Aurora College's Fort Smith campus. Sarah Pruys/Cabin Radio
The Town of Fort Smith says it will do everything in its power to make the new president of Aurora College move to the community.
Glenda Vardy Dell, who became president earlier this year, was reported by the CBC to have chosen to live in Yellowknife because an immediate family member has a serious health concern.
Thebacha MLA Frieda Martselos was quoted by the broadcaster as saying: “This is a Fort Smith position, and she’s got to be told she’s got to come here.”
On Friday, the Town of Fort Smith backed up that position in a series of tweets.
“The mayor and council of the Town of Fort Smith stand in solidarity with the community leadership … in opposition to Aurora College allowing the college president to reside in any community other than Fort Smith,” the town tweeted, referring to what it said were the views of Martselos, the chiefs of the Smith’s Landing and Salt River First Nations and the Fort Smith Métis Council’s president.
“The mayor and council are disappointed that Aurora College would take into consideration the idea that staff members can dictate where senior positions reside within the NWT.
“The mayor and council will use all resources available to withstand any actions made by Aurora College that jeopardize the economic stability of our community or the vibrancy of the Thebacha campus.”
In a stern statement, the territory’s education minister said Aurora College must not be “subject to direct political interference and it is important that staff are free from harassment and bullying.”
The college’s president has traditionally lived in Fort Smith, where the college has its present headquarters.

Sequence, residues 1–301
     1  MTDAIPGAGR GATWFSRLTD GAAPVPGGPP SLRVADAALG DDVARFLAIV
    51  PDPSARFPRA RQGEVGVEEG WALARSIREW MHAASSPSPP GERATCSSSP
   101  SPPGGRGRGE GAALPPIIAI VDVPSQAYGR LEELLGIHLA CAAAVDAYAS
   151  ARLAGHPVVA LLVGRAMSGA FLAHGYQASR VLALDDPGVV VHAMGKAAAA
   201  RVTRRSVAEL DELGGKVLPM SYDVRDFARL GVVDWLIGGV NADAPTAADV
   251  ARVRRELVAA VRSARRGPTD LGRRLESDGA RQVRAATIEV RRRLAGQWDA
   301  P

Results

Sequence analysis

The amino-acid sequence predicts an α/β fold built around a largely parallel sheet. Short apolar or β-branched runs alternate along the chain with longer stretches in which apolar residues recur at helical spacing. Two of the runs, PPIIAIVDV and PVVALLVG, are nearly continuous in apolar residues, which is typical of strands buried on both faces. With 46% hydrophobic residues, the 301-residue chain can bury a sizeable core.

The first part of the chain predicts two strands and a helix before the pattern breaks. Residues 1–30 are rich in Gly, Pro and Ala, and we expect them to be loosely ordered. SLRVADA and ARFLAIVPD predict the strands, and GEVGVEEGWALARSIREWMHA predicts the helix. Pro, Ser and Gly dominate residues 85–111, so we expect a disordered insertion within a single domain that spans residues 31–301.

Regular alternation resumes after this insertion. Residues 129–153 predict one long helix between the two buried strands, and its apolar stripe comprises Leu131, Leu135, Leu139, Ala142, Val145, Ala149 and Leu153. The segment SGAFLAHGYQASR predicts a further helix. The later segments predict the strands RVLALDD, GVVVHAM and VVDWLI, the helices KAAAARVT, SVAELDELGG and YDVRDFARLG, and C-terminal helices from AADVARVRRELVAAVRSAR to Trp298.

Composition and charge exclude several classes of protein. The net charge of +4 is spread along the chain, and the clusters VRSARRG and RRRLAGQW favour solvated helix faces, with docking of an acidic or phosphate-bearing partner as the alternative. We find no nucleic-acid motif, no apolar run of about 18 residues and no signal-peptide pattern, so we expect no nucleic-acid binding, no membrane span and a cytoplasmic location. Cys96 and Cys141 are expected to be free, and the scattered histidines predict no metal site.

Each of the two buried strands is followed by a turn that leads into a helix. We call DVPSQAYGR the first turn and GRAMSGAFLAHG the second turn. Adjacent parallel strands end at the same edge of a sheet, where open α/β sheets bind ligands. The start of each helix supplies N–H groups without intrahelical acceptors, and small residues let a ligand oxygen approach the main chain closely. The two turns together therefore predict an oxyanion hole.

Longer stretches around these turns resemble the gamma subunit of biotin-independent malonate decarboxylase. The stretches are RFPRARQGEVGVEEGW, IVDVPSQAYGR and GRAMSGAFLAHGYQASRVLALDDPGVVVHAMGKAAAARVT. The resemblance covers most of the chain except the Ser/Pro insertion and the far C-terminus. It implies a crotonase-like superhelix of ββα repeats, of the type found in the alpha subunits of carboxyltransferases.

For years, some Fort Smith residents have feared that Aurora College’s transformation into a polytechnic university – due to be complete by 2025 – will involve a shift toward Yellowknife as a hub for the institution.
Asked if the president was able to speak on the matter, an Aurora College spokesperson did not directly answer but stated by email: “As per the Aurora College Act, the board of governors is responsible for the appointment and supervision of the president of Aurora College. However, Aurora College is unable to comment on human resource matters, as they are personal and confidential.”
Education minister responds
Approached for comment, education minister RJ Simpson said through communications staff he was not available for interview.
He did, however, issue a statement that made plain his opinion.
“Aurora College must be supported and allowed to develop into a more independent and sustainable institution for the benefit of current and future students, and for the benefit of the territory as a whole,” Simpson wrote.
“For too long, political interference hindered the independence and growth of Aurora College. It is critical that the college and its decisions are not subject to direct political interference and it is important that staff are free from harassment and bullying and we ensure discussions around the college are based on factual information.”
“When I appointed the president, my primary concerns were ensuring a smooth transition and maintaining the momentum of the work associated with transforming Aurora College into a polytechnic university. To support this work, I made the choice not to locate the position in a particular community so that the college would have the flexibility to determine how to best organize itself based on operational needs,” Simpson wrote.
“With the recent amendments to the Aurora College Act now in force, Aurora College now operates at arm’s length from government and the Aurora College board of governors is responsible for appointing and supervising the president.
“I have discussed this issue with the administrator, who is performing the duties of the board until it is reinstated, and I have full confidence that he is performing his duties in the best interests of Aurora College as required by the act.”